Feeds:
Posts
Comments

Archive for the ‘Low Tech’ Category

It’s not all video games, here at OMG-Central. I also enjoy old school, across the table, low-tech board games.

If you’re one of those for whom “board games” only evokes images of Monopoly and Parcheesi, let me tell you, these are not your grandma’s board games. They’ve changed a lot, in past decades, and they keep changing, adding new mechanics, new twists on old methods, and sometimes even extending “beyond the box” to include other media and technologies. (more…)

Advertisements

Read Full Post »

While I’m working on something more meaty, here’s a bit of fun.

Like most people my age, I learned to type on a manual typewriter, an old Smith-Corona, to be precise. It was heavy — damned heavy — and came in its own nearly-as-heavy hard-sided case. It had a black-and-red ribbon that always got twisted, the keys continually got hooked onto one another, and after typing up an evening’s homework, my forearms ached from the physical exertion of pressing down the keys. That’s no exaggeration; it took some oomph to make those levers thwack with enough force to register through to the carbon copy.

What’s a carbon copy, you ask? Well, it’s a … nope, I don’t have time or space to explain it all. (more…)

Read Full Post »

7 1/2

GodfatherLast week, I stood out in the rain.

On purpose.

Last week was a stay-cation, and I spent many hours out in the elements, reclaiming the gardens after a couple of years’ worth of accumulated neglect. It being February — and one of the wettest on record, to boot — more of those “elements” were liquid than usual, and most of those hours were spent in the rain.

Luckily, I had a new hat.

I was born at the sunset of the Hat Era, a time when everyone — men and women alike — wore hats in public. Hats were already passé when I was born, and by the time I was a lad, the only men who wore hats were fishermen, cowboys, and men in uniform. Alas.

I’ve always liked hats. Real hats, that is. Hats with brims that go all the way around. A hat has a purpose — to keep the sun out of your eyes, to keep your head warm, and to keep rain off your head and neck. Caps generally only do one of those things, and not well, either, not when compared to a real hat.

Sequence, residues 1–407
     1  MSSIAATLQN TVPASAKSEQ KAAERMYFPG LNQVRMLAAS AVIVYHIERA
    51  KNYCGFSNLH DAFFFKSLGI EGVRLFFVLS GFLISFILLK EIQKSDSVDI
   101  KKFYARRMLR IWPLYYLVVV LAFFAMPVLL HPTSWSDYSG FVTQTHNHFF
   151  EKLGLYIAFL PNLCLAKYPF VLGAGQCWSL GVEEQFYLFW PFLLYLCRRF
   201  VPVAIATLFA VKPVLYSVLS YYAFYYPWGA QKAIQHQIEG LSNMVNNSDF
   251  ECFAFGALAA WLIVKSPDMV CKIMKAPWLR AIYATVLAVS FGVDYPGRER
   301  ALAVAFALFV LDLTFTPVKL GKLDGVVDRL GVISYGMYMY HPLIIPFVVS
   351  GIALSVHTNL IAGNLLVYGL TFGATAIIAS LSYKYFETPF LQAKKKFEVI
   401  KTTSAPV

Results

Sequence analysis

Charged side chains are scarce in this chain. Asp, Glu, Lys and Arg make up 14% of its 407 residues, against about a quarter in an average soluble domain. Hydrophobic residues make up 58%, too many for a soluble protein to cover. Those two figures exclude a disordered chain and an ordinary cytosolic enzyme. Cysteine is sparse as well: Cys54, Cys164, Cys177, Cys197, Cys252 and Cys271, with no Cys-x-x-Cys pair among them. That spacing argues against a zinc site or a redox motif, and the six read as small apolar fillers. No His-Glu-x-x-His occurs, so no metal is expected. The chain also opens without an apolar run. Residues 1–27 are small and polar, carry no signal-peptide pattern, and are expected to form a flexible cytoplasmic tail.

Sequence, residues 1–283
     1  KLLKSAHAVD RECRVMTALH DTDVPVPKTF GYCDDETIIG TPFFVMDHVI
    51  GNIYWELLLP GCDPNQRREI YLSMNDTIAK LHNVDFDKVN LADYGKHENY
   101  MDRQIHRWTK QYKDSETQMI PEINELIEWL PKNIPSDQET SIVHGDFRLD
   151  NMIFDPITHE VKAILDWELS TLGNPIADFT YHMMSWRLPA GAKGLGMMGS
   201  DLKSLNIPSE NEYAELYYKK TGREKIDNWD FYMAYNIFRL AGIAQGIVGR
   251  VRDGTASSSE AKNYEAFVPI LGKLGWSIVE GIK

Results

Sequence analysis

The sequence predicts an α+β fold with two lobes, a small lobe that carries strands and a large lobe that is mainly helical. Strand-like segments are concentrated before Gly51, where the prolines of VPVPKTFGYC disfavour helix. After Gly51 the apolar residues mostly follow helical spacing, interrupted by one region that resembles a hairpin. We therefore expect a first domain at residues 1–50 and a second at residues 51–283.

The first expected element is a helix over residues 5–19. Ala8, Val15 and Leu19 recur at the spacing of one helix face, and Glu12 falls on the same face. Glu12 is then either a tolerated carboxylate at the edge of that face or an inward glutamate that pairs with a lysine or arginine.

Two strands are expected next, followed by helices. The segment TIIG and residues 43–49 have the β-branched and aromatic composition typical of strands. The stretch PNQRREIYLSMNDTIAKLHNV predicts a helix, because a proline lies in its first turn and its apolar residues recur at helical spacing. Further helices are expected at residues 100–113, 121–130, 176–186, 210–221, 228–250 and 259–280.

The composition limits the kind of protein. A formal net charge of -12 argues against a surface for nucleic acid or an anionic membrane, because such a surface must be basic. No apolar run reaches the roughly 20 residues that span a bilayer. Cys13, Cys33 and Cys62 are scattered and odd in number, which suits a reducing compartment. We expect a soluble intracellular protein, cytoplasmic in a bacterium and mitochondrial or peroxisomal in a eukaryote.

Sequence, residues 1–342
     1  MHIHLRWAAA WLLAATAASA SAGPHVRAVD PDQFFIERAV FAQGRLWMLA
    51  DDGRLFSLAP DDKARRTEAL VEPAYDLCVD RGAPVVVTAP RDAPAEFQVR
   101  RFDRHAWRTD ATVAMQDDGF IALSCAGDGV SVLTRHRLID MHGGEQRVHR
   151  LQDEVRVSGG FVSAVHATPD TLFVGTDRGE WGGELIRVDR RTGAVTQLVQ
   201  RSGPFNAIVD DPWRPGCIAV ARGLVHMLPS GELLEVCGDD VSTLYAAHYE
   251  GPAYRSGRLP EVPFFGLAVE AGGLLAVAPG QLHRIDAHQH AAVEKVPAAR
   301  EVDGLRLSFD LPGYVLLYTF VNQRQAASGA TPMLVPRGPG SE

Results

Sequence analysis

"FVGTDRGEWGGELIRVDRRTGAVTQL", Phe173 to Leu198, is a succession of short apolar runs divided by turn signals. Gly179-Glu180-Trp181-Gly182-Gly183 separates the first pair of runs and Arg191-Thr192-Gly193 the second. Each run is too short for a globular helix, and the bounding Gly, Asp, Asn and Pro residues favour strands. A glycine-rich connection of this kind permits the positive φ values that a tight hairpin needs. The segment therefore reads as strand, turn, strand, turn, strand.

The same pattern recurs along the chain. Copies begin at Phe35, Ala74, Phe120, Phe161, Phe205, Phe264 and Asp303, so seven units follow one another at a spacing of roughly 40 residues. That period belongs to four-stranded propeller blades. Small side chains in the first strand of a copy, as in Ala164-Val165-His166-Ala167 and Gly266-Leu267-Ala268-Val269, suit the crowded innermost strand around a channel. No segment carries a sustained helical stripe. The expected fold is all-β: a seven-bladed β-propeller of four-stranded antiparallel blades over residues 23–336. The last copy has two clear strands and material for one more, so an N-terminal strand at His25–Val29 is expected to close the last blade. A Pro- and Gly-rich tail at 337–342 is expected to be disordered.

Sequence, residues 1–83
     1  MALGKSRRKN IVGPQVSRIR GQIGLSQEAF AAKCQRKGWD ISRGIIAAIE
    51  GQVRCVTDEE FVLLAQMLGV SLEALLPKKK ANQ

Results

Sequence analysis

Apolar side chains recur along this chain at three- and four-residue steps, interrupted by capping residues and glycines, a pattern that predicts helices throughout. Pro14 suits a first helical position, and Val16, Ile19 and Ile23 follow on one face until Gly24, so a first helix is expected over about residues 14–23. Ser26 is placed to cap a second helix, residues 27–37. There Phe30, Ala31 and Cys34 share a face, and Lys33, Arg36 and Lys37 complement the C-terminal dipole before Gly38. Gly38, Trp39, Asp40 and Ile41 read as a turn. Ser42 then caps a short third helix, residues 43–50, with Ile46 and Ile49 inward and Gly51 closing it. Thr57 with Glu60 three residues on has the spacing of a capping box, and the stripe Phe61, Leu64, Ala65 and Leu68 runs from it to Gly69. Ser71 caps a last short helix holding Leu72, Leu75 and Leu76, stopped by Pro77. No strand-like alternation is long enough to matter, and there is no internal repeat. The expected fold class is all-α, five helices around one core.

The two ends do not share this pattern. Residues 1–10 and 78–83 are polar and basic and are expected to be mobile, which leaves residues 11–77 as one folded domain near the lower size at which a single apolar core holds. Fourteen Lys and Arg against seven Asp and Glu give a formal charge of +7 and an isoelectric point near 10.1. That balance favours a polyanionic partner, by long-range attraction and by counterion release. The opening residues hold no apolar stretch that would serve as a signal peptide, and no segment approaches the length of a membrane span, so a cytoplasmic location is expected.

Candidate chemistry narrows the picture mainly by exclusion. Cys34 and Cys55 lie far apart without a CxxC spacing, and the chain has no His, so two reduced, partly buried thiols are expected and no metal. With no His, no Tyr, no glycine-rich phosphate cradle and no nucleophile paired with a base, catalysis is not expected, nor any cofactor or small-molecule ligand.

The hats I preferred were those of my movie icons — Bogie, Stewart, Fonda — hats with character, hats with style. No baseball caps for those guys. No urban-cowboy Stetsons. No no no.

The Fedora ruled with those men. Sometimes they wore a Homburg or a wide-brimmed Tyrolean. Or, if they were in a Western, a slouch.

The slouch hat has always been a favorite of mine. A felt hat with a flat, wide brim that slouches down over nape and brow, preferably with a creased crown for ease of tipping to passersby. Aussies tie up one side of theirs. So did the Rough Riders. The slouch has tons of character and is a top-notch performer in all things a hat is supposed to do.

But, as I’ve never considered myself as a guy who looks good in hats, I was a bit self-conscious, standing out in my suburban garden, rain pelting down, fat droplets pattering off the wide brim of my new slouch hat. I mean, it’s a big hat, by modern stylistic standards. It’s felted mix of wool and buffalo hair, black as night, with a slight curl on the back and sides of the 4 ½” brim, and a silver-buckled strip of leather around the crown. My wife assured me though that, contrary to my instincts, the hat suits me, and since she generally doesn’t like me to look the fool any more than I do myself, I trusted her assessment, and wore it most of the week.

A quality felt hat is almost a living thing. New, it never fits well, despite proper measurement. It must be worn to fit properly, and if possible, worn in the rain. You wear it, let it get wet, and then continue to wear it as it dries. The moisture loosens up the felted fibers and when they dry, they shrink up to fit your skull. If you don’t like the brim or the crown, you can steam it over a kettle and reshape it to your liking, which I did to remove the curl on the front.  After four days spending several hours out in the rain, getting the hat wet and letting it dry, it now is a perfect fit to the bony, pearish ovoid that houses my brain.

I still don’t feel like it’s my “style,” but I like it, so I’m going to fake it until it feels right.

k

Typewriter

PS. I was thoroughly puzzled by the relationship between hat sizes and head measurements. A 22-inch skull is a U.S. hat size 7, which is a difference of 15; but a 23 ½ inch skull (like mine) is a U.S. hat size 7 ½, a difference of 16. What gives?

Turns out, the relationship between your head size and your U.S. hat size is, believe it or not, π.

Yup. Just as circumference/π = diameter, so Your Head Measurement (in inches)/π =  U.S. Hat Size.

I just love that.

k

Bogie and Bacall

Read Full Post »

I don’t know what got me thinking of this, but my fellow old farts will remember these things…

Ring me.

Get off the line!

Dial the number.

Hang up.